Snow in large amounts sliding down the side of a mountain is called an avalanche. Earth, usually wet earth, commonly called mud, sliding down a mountain is called a landslide.
Anyone who is at all knowledgeable about Crawford Notch in the White Mountains of New Hampshire has doubtless heard the story of the tragic and deadly landslide at that locality in August of 1826 involving the Willey family. This account, though, is about another devastating landslide in another area of the White Mountains which probably fewer Granite State residents know about.
Early Springtime in New England is also called mud season. The fact is, however, that mud can, and sometimes is, produced during other seasons of the year when large amounts of rain fall and mix with previously dry earth , a process that is apt to take place quickly. It happened quickly and with devastating results on the morning of July 10, 1885 near Jefferson, New Hampshire on the north side of Cherry Mountain, also known as Mount Martha. The landslide happened on a Friday morning at 6:00 o’clock when farmers in the valley below the mountains had already begun their work day. The greatest loss of property was that belonging to Oscar Stanley who operated a farm in the meadows beneath Cherry Mountain.
Five weeks prior to the landslide, Mr. Stanley had lost his house to a fire and with the help of Moses and Cliff McDonald of Whitefield was in the process of building a new one, starting with the “ L” section, probably the custom in that era. His wife and children were staying with her father who lived half a mile away while Stanley and a hired man, 24 year old Don Walker, were sleeping in the barn. The barn was an impressive structure, 40 feet wide and 75 feet long, and was home to a horse, four cows, a calf, three swine, and an undetermined number of poultry. Some furniture that was saved from the house when it burnt was stored in the barn.
A heavy rain shower had poured onto the mountain that morning, and one witness reported seeing two heavy cloud formations come from different directions and join at the top of a prominence on Cherry Mountain called Owl’s Head because of its peculiar shape. Many believed that the abundance of rain loosened the earth and ledge on the side of Owl’s Head and started the landslide; others felt that a bolt of lightning had dislodged a huge hunk of ledge which initiated the slide. Whatever the cause, an estimated million tons of mud and boulders rolled down the mountain side taking with it numerous trees including “…no less than 25 acres of thick, standing timber.” The slide travelled for two miles and the Stanley farm was in its path.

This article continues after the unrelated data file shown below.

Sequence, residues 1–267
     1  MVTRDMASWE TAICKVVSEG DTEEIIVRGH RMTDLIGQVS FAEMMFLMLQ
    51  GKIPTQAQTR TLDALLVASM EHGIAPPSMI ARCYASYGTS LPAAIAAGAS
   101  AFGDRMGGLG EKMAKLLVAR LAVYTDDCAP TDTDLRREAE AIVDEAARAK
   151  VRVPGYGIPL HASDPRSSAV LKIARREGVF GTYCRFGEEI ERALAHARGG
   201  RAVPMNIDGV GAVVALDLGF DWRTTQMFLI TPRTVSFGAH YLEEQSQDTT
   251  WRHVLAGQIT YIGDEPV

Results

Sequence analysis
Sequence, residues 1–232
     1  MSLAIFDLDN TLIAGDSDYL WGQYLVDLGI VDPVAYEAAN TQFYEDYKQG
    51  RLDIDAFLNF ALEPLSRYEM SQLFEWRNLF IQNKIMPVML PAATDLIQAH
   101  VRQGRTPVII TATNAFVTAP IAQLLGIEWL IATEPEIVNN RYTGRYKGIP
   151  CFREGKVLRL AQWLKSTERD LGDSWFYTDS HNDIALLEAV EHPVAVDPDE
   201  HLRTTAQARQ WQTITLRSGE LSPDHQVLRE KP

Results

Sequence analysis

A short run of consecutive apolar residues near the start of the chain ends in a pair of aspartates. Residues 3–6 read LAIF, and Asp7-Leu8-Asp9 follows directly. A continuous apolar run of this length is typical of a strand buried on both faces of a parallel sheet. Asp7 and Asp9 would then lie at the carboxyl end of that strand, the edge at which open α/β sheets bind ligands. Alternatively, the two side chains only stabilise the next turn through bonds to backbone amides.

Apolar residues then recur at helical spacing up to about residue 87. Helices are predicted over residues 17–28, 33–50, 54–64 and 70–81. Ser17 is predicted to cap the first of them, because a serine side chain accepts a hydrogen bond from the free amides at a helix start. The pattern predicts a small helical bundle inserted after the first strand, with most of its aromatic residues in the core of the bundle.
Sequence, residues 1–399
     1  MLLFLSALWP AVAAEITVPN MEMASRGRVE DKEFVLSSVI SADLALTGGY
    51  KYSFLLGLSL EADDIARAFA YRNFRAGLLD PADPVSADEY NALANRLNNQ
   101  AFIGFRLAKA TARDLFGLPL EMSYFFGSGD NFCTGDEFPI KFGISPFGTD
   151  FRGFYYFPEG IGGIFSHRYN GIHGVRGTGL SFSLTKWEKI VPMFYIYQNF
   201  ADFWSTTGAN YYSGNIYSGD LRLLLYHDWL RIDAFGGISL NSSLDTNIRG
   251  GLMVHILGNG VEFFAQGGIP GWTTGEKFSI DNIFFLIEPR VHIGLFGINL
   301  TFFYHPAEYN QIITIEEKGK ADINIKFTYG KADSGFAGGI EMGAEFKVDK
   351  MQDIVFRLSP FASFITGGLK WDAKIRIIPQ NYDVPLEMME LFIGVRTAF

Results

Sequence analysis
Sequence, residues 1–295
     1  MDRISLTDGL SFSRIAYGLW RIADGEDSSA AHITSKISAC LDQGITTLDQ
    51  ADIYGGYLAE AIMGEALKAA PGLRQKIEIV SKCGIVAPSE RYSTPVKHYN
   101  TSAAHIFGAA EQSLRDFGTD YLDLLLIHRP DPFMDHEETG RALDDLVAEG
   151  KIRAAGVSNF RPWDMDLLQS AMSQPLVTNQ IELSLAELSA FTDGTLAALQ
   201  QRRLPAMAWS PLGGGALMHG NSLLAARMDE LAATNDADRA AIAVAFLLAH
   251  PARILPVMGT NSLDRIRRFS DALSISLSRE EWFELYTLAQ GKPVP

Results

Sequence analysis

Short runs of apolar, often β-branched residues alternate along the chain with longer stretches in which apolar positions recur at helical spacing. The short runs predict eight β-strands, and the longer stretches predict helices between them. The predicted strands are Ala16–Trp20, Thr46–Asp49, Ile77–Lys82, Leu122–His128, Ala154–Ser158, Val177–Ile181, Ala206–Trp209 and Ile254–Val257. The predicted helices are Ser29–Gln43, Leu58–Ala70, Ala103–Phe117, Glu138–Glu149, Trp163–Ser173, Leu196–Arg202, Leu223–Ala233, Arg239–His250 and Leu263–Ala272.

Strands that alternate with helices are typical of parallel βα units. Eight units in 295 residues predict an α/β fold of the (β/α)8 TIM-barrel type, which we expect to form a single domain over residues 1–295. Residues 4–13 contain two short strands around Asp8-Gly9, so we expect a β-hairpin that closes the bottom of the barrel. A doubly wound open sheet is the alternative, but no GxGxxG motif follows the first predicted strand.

Oscar Stanley and the two McDonalds were working in the new house and the hired man, Walker, was milking in the barn when they heard a large noise which, at first was mistaken for thunder or a train on the railroad tracks. Oscar, however, ran to the door and saw the mass of dirt coming down the mountain and yelled to his companions and they all ran and barely escaped being swept away by the landslide. Oscar afterwards said “My barn and house were struck and smashed like eggshells.” Don Walker was buried in what had been the barn and was severely wounded , but was still alive when he was pulled out of the ruins. He died of his wounds four days later. The horse and one cow minus its horns, though buried in the mud, survived the ordeal though the rest of the farm animals perished. Besides his buildings Mr. Stanley lost 40 acres of his best farmland including his crops of potatoes, oats, wheat, and a large garden.
Writing two days after the tragedy a reporter for The Monitor said “ Today over 5,000 people have visited the scene of the disaster, coming by train, by team, and on foot, from miles around. A special train of 12 cars arrived from Groveton…”. He predicted that visitors would soon be rushing into Jefferson by the thousands and encouraged them to do so, citing the attractiveness of the scenery despite the destruction left by the slide. The reporter also had some good words for the Whitefield and Jefferson Railroad and the Waumbek Hotel , recommending the meals served there and its stable run by J.S. Huntress.
Probably because of the advent of the automobile the railroad line was discontinued and the Waumbek Hotel with its good view of Cherry Mountain (Mount Martha) four miles away was destroyed by fire on May 9, 1928, but the beauty of the landscape (not the landslide) remains.
What exactly triggered this massive landslide remains a mystery, but it appears that the huge amount of rain falling in a short period of time was at least a contributing factor. However, one might want to keep in mind that it has been suggested in these more “ modern” times that the Cherry Mountain Road is considered perhaps the best spot in the State of New Hampshire for signs of the elusive sasquatch, otherwise known as “Bigfoot”. Do you suppose that something other than rain or lightning could have moved the boulder or section of ledge that was the trigger of that massive landslide?
Robert Hanaford Smith, Sr., lives in New Hampton.